Dufferin / St Clair Library and the Murals

The following is an account of the renovations at the Dufferin St. Clair Library as published in Spacing Magazine in 2008. The story features the murals that were preserved at that time in part due to the advocacy and fund raising from the Real Heights Residents’ Association



A new and old look for the Dufferin/St. Clair library

This morning I had a chance to get a sneak peak at the Dufferin/St. Clair Library’s just-completed renovations. The construction has lasted for 15 months and had a budget of $2.54 million. There’s a public open house to show off the new look of the library on Tuesday, October 28 starting at 4 pm.

The library opened in 1921 and was originally named the Earlscourt branch. The branch is now listed as a historical building by the City of Toronto and will be receiving a commemorating plaque during the official re-opening ceremony. Between 1925 and 1932 artists George A. Reid and Doris McCarthy painted large, literary-themed murals which were eventually covered up in a 1964 renovation and hidden from view for over 30 years.

One of the big changes of the recent renovation was to restore the murals and have the work highlighted by both natural and artificial light. The murals have become design focal points once again in the adult area as well as the KidsStop room — an interactive area that focuses on helping parents teach their young children the building blocks of reading.

The theme for the KidsStop room is an enchanted forest. From the tree-canopy-and-starry-sky entrance to the castle shaped puppet theatre, the room’s design has been constructed to engage and entertain children. The focal point of the room will be a long wooden dragon (designed from the Robert Munsch’s The Paper Bag Princess — the library actually obtained the rights to use the dragon’s likeness) which will display books and interactive learning games. Unfortunately, the dragon was not completed at the time of my visit.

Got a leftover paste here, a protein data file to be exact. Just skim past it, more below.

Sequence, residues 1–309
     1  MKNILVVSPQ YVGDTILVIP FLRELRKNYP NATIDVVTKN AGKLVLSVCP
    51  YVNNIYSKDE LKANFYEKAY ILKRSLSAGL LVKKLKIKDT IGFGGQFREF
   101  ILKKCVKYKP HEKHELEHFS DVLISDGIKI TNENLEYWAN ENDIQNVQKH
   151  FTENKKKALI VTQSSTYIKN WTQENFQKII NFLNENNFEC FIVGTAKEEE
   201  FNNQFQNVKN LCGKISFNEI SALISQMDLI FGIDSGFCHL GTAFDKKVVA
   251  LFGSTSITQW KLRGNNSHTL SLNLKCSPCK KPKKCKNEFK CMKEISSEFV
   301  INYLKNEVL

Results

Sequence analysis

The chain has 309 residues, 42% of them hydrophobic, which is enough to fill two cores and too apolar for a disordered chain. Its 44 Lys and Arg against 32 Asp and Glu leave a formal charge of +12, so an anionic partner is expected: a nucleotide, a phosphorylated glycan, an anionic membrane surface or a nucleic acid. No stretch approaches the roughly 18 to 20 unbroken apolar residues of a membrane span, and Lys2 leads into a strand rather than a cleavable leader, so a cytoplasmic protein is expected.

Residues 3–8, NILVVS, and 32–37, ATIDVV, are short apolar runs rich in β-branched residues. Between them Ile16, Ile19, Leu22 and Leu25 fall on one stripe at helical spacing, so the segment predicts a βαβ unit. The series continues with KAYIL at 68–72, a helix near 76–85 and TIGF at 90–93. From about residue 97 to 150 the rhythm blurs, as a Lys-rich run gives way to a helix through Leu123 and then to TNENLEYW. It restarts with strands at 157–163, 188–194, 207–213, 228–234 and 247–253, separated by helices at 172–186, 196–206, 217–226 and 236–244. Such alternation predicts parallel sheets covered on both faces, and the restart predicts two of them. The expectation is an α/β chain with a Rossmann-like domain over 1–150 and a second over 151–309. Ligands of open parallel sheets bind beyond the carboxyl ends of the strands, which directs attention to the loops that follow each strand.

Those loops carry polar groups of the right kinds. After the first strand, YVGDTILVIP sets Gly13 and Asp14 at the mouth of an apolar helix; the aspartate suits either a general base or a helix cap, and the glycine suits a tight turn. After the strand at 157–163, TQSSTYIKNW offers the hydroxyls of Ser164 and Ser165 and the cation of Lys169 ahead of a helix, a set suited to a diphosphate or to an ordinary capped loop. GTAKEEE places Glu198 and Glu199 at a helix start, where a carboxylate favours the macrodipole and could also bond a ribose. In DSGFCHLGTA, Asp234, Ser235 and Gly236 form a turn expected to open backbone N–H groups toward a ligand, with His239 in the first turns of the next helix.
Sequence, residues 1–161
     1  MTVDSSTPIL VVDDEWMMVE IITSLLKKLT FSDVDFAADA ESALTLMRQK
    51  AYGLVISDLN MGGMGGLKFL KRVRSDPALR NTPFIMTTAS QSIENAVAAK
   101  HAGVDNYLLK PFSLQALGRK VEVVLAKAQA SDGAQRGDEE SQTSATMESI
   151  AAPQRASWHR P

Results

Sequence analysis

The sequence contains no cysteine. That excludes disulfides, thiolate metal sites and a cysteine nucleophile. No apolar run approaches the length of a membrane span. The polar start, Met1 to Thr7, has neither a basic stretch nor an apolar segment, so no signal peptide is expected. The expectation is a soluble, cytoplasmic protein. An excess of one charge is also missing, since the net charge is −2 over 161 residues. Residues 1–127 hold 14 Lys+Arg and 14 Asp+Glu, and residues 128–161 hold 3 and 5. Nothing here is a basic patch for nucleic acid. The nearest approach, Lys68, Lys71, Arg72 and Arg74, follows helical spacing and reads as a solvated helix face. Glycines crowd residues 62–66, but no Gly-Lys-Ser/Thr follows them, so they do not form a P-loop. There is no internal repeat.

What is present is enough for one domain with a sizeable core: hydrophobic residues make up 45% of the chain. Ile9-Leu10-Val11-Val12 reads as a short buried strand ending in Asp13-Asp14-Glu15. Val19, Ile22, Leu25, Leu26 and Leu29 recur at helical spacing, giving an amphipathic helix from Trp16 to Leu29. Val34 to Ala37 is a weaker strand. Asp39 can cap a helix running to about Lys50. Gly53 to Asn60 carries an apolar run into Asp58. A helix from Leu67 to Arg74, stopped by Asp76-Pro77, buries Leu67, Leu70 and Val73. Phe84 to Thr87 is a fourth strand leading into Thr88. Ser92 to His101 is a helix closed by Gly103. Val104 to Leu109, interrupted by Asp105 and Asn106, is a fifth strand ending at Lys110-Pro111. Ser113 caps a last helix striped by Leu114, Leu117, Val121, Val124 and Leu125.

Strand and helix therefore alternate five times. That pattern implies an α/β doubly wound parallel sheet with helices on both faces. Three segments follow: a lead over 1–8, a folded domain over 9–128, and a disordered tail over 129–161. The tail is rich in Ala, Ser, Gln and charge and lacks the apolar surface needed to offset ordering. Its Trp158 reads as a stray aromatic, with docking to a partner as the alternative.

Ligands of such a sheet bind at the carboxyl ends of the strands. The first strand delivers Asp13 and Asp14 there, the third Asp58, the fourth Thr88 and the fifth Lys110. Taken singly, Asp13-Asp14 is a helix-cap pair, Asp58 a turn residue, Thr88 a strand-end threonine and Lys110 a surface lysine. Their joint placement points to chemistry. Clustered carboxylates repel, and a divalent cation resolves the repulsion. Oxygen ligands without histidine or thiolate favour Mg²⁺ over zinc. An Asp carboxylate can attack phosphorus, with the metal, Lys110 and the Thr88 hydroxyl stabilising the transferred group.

The murals surrounding the KidsStop are all classic fairy tale scenes from stories like Hansel and GretelPuss ‘n’ Boots, and Jack and the Beanstalk. Between the KidsStop room and the main enterance is another childrens space featuring low shelves, colourful seating and magnetised letter boards. A seperate section in one of the newer extensions  features a small lounge for preschoolers.

Across the entrance hall, in the north half of the building resides the adult and teen sections. The design here has transitioned to a more mature look, but flows nicely with the child area. The idea behind the design of the adult area is to make the space feel like home, and they seemed to have succeeded in this with cozy seating areas and even an electric fireplace that sits in the building’s original hearth. Earthy tones replace the bright colours of the kiddie section and scone lights on the walls highlight the Reid murals adding a warm element to the room.

The teen room is situated behind the customer service desk and was specifically spaced away from the kids area to make it more of a space they can call their own. Though the Dufferin/St. Clair branch wasn’t able to include video game systems in the renovations like some other locations have, the teen room will have a television set as well as its own group of computers.

The outside of the library has been reconstructed to the original 1921 facade. Major restoration work was done on the front pillars which were severely crumbled due to time and erosion from road salt. Wheelchair access has been moved to the building’s south entrance and goes along a bright, open ramp to meet with the main hall.

An outside seating area by the south entrance has been built and the Wi-Fi service reaches out to include this area. Although it’s getting late in the year now, through the summer this seating area should recieve some privacy from busy Dufferin Street when the gardens bloom again.

Other services that have been introduced or updated at this branch include: self-service checkouts,  new computer work stations, a new “just returned” section that should save visitors from having to dig through trolley after trolley, as well as over 10, 000 new books, CDs, DVDs, and magazines.